Vietnamese enterprises forced to lay off workers

Even though the Covid-19 pandemic is well over and businesses are making efforts at recovery so that production can continue and jobs can be retained, other factors have now come into play. 
Vietnamese enterprises forced to lay off workers ảnh 1 Illustrative photo

Current global economic fluctuations, rising inflation, and low consumer spending is pushing businesses into a corner where lower demand has compelled scores of businesses to lay off tens of thousands of workers in a matter of days.

In early November, the Ty Hung Company Ltd in Ho Chi Minh City, with 100 percent capital from Taiwan and specializing in leather shoes for export, announced the termination of labor contracts of 1,200 workers from 1 December 2022. According to the announcement made by the Ty Hung Company Ltd, the economic downturn has affected their business partners due to which export orders have been canceled. The company has now reduced the scale of production. Also in November, the Vietnam Sanho Company Ltd which has 100 percent South Korean investment and specializes in the export of shoes, said it expects to terminate the contract of about 1,500 employees at the factory located in Cu Chi District in Ho Chi Minh City due to lack of orders.

Many textile and garment enterprises are also facing a shortage of orders after the main export markets of the textile industry such as the US and European Union decreased orders by 40 percent to 60 percent . It is forecast that in the first quarter of 2023, enterprises will not have new customers which has caused competition for orders to become quite fierce. Many customers offer a price of only 40 percent to 50 percent, so many businesses have had to cut labor and production costs and scale.

The wave of workers leaving jobs due to lack of orders took place not only in Ho Chi Minh City but also in a number of other provinces and cities across Vietnam. The Sanho Company not only laid off workers in their branch in Ho Chi Minh City but also in An Giang province where the company is planning to lay off 5,300 workers until the end of the year. In Binh Duong province, from the beginning of the year up to now, about 28,000 workers have been laid off without pay, and 240,000 workers have reduced their working hours. According to the Management Board of Da Nang Hi-Tech Parks and Industrial Parks, it is expected that from now until the Lunar New Year, 4,800 workers in industrial zones will lose their jobs, or face reduced working hours and reduced wages.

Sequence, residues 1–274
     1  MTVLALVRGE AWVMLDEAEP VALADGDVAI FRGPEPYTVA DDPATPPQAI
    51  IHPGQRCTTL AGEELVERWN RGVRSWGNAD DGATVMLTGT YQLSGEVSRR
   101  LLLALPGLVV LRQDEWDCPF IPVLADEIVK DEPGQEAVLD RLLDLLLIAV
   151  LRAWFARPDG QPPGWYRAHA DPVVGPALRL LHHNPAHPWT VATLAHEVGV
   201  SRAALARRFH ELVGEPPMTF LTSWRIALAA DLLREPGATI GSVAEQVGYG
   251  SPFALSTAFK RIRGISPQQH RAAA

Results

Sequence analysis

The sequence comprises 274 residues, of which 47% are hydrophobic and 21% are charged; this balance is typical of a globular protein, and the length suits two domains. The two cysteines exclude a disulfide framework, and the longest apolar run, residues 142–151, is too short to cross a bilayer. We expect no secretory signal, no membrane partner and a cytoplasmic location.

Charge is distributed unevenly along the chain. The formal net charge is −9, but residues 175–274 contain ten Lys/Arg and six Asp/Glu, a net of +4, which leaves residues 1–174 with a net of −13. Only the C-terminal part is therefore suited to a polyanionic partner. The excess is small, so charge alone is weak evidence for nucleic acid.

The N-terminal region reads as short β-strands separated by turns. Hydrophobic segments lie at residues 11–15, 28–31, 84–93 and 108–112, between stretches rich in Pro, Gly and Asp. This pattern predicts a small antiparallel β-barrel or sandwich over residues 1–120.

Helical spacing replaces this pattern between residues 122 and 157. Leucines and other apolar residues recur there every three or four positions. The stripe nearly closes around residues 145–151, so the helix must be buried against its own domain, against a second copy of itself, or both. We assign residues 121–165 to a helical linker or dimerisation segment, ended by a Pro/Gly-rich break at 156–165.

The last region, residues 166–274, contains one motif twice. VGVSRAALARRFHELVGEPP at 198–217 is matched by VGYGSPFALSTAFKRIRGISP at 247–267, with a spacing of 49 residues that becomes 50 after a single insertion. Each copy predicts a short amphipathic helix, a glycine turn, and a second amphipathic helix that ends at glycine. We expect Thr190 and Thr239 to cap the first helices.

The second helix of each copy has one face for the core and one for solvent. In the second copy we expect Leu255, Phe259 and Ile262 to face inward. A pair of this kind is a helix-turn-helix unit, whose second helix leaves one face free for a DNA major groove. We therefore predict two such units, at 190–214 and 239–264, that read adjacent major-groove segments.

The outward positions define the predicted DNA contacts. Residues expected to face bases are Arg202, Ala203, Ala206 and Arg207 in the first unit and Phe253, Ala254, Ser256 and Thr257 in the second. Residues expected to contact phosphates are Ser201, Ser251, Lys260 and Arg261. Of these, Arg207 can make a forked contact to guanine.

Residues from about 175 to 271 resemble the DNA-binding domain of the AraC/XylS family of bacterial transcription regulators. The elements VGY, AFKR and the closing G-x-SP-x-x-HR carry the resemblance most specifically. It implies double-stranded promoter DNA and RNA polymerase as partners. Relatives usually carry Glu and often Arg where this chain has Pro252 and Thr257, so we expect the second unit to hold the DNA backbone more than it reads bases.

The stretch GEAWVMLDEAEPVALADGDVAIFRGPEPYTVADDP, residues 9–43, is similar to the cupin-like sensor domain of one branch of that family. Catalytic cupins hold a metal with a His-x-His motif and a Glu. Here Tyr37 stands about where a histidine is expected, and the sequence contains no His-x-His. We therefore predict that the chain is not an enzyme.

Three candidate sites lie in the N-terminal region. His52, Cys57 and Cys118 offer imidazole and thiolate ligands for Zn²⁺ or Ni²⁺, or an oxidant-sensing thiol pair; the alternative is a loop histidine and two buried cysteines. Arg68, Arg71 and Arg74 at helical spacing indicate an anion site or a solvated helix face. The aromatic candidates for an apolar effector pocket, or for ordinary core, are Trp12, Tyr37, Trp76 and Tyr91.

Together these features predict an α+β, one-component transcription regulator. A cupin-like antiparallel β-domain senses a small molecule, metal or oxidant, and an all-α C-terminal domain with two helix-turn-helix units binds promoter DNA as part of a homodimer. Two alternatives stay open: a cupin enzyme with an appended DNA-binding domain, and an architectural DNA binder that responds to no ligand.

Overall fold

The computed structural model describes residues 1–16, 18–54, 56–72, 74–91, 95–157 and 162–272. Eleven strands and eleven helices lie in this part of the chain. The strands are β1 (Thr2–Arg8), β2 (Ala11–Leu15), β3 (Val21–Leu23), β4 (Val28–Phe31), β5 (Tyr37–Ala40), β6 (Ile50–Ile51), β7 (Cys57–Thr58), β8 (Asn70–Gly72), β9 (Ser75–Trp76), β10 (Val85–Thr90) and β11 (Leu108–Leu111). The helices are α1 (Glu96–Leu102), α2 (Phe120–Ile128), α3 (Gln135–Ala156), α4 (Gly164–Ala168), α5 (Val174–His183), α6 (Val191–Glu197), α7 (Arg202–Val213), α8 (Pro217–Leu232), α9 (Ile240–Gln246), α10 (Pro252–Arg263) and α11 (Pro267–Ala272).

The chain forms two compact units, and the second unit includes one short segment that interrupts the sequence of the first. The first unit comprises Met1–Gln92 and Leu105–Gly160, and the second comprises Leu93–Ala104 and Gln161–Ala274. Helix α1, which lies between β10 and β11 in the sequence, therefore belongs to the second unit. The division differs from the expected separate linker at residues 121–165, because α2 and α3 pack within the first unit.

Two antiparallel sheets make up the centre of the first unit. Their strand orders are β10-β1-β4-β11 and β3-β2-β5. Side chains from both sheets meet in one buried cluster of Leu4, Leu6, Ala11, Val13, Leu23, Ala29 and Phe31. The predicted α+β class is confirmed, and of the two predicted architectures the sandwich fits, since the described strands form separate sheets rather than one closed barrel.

According to a survey by the Vietnam General Confederation of Labor, up to now, 25 localities, units, and industries have reported that their employees have been affected by the loss of jobs. In particular, the industries most affected are mainly wood processing, textiles, footwear, and some electronics, food, services, and tourism enterprises. Not only domestic enterprises but also Foreign Direct Investment (FDI) enterprises have been strongly affected and forced to lay off workers. Out of 441 affected enterprises, there are 331 FDI enterprises accounting for more than 75 percent, with a total of 624,786 employees in 25 provinces and cities.

These are mainly concentrated in the Southern region and account for 68 percent. In total, 562,400 employees have had their working hours reduced; 31,370 employees have had their contracts terminated; 31,012 employees are on unpaid leave or have had their contracts suspended or totally stopped working. Indeed, this is a force majeure situation for enterprises. Because if they could maintain operations, they would never have allowed their workers to quit, because the recruitment and training process later will once again take a lot of time, effort, and money.

Tet will be a sad occasion for many businesses that have stopped operations or have partially remained open. Many businesses are stressed about paying their workers' salaries, but the situation is beyond their control.